“Give us the tools!” - development of knowledge transfer tools to support the involvement of patient partners in the development of clinical trial protocols with patient-reported outcomes (PROs), in accordance with SPIRIT-PRO extension

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“Give us the tools!” - development of knowledge transfer tools to support the involvement of patient partners in the development of clinical trial protocols with patient-reported outcomes (PROs), in accordance with SPIRIT-PRO extension. / Cruz Rivera, Samantha; Stephens, Richard; Mercieca-Bebber, Rebecca; Retzer, Ameeta; Rutherford, Claudia ; Price, Gary; Slade, Anita; Aiyegbusi, Olalekan Lee; Edge, Philip ; Gosden, Lesley ; Roberts, Lesley; Verdi, Rav ; Wilson, Roger ; Calvert, Melanie.

In: BMJ open, 08.01.2021.

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@article{486b2c5924964d16b5126fb83ca879ae,
title = "“Give us the tools!” - development of knowledge transfer tools to support the involvement of patient partners in the development of clinical trial protocols with patient-reported outcomes (PROs), in accordance with SPIRIT-PRO extension",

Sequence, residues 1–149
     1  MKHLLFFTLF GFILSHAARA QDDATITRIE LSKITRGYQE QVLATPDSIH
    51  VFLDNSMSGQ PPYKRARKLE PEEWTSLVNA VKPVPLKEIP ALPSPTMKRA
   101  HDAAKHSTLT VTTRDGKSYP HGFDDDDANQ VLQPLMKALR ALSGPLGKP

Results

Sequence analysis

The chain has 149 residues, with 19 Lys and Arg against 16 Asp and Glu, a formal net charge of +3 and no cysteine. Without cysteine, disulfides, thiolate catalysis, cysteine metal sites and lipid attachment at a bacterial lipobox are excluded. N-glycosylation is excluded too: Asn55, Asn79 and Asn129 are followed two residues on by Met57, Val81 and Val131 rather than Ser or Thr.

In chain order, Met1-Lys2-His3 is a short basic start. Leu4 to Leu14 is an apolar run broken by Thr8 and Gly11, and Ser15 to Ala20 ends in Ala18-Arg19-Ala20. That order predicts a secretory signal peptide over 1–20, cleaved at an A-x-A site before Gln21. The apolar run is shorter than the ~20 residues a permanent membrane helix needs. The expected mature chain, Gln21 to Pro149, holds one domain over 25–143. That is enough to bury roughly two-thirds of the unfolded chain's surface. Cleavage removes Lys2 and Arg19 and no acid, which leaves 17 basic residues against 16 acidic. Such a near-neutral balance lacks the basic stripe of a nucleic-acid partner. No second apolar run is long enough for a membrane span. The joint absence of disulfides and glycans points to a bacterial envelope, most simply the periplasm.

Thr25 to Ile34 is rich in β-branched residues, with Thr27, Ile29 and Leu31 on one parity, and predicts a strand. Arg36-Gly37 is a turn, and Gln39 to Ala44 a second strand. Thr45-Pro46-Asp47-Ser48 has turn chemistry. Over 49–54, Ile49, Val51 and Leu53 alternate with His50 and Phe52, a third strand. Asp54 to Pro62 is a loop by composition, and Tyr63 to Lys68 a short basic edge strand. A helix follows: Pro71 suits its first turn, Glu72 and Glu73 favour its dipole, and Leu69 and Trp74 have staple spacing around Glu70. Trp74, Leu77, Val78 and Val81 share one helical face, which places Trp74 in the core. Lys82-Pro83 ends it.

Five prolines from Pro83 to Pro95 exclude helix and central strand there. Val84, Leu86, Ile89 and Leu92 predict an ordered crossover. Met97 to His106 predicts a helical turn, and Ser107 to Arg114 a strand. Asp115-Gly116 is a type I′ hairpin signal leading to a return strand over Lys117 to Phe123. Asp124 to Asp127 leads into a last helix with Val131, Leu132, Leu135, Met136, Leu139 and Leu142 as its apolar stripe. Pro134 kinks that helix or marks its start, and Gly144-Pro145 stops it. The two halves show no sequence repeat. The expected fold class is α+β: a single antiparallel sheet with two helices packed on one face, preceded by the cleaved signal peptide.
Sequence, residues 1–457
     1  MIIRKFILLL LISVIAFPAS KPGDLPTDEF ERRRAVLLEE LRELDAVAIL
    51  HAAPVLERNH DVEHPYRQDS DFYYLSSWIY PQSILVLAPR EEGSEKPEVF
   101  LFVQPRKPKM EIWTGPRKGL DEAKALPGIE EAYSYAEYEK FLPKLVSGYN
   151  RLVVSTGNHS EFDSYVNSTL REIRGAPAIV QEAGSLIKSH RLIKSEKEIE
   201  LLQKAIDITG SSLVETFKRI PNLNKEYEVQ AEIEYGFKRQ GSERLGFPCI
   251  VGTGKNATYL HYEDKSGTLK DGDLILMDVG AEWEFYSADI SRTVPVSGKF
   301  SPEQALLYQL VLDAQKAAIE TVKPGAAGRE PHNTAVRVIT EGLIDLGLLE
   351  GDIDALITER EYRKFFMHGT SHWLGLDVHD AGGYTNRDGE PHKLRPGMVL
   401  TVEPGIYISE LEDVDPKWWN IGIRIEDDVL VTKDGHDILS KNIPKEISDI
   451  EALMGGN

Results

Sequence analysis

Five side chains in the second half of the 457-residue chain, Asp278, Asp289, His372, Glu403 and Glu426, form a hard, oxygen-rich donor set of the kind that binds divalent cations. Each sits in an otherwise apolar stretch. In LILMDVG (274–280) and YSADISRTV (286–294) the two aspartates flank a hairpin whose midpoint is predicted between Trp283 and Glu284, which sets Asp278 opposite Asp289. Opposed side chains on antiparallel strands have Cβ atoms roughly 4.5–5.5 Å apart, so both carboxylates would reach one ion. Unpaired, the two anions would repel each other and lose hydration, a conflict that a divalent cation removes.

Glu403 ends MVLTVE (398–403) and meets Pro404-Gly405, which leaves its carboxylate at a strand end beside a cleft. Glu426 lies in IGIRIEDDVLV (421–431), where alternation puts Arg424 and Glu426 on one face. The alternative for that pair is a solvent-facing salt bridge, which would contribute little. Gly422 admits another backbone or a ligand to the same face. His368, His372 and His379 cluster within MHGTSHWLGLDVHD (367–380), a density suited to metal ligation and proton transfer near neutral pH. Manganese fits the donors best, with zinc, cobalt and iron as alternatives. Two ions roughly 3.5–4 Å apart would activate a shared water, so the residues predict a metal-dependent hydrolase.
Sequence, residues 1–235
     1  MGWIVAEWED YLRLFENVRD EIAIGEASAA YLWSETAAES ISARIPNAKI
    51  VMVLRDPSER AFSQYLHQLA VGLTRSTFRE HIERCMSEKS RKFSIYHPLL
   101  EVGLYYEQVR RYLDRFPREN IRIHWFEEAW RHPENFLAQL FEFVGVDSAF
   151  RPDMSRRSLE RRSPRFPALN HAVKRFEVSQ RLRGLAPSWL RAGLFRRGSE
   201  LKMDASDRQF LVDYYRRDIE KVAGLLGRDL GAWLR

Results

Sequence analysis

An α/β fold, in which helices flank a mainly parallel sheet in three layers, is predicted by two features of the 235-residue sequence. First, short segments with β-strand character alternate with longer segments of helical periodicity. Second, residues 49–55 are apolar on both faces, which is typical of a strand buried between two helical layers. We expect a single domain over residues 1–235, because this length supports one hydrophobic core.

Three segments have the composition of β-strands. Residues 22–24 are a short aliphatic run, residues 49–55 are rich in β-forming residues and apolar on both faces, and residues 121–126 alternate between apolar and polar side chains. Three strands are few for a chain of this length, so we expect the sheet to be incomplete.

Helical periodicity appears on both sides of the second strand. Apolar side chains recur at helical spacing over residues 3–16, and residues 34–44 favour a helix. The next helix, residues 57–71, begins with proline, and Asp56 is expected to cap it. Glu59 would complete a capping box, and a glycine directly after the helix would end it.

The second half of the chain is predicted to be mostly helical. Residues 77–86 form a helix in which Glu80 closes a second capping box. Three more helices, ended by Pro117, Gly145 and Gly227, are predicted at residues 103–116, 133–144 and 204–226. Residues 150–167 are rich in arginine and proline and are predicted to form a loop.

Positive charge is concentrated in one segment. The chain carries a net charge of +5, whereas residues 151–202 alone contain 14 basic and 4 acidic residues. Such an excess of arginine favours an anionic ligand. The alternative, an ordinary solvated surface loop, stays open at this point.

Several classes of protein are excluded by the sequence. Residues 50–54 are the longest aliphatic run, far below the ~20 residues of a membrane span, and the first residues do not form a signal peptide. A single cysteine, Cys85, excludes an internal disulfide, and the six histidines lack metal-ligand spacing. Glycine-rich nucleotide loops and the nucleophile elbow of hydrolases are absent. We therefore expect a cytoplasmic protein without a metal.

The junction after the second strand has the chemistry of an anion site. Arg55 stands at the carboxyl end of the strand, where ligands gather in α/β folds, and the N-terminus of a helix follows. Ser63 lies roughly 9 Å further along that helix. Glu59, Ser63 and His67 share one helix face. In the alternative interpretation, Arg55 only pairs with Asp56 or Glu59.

abstract = "Introduction Patient-reported outcomes (PROs) are increasingly used in clinical trials to assess the impact of disease and treatment on patient symptoms and quality of life. Involving patients in the co-design of trials can help ensure the trial captures PROs that matter to patients and reduce missing data during trial conduct. The SPIRIT-PRO Extension provides international guidelines on what PRO information should be included in clinical trial protocols. However, there is lack of training materials and tools to support patient partners involved in the co-design of PRO clinical trials. Therefore, the aim of this research was to: a) to adapt the SPIRIT-PRO Extension guidance to a user-friendly format for patient partners; and b) co-design a web-based tool to support the dissemination and uptake of the SPIRIT-PRO Extension by patient partners.Methods A patient partner produced an initial lay summary of the SPIRIT-PRO guideline and drafted a glossary. We held a one-day patient and public involvement session in November 2019 at the University of Birmingham. Five patient partners discussed the draft lay summary, agreed on the final wording, and co-designed vocabulary and agreed the final content for both tools. Two additional patient partners were involved in writing the manuscript. The study was compileddeveloped withusing INVOLVE guidelines and was reported according to the GRIPP 2 checklist.Results Two user-friendly tools were developed to help patients and members of the public be involved in the co-design of clinical trials collecting PROs. The first tool presents a lay version of the SPIRIT-PRO Extension guidance. The second depicts the most relevant points, identified by the patient partners, of the guidance through an interactive flow diagram. Conclusions These tools have the potential to support the involvement of patient partners in making informed contributions to the development of PRO aspects of clinical trial protocols, in accordance with the SPIRIT-PRO Extension guidelines. The involvement of patient partners ensured the tools focused on issues most relevant to them.  Strengths and limitations• Two user-friendly tools were co-developed with PPI partners for the use of patient partners involved in the co-design of clinical trials collecting PROs.• The research was reported according to GRIPP 2 checklist and adhered to INVOLVE recommendations.• The user-friendly tools were not tested among a wider patient partner group.• In addition, the PPI partners included in the co-development of the tools were mainly oncology patients. ",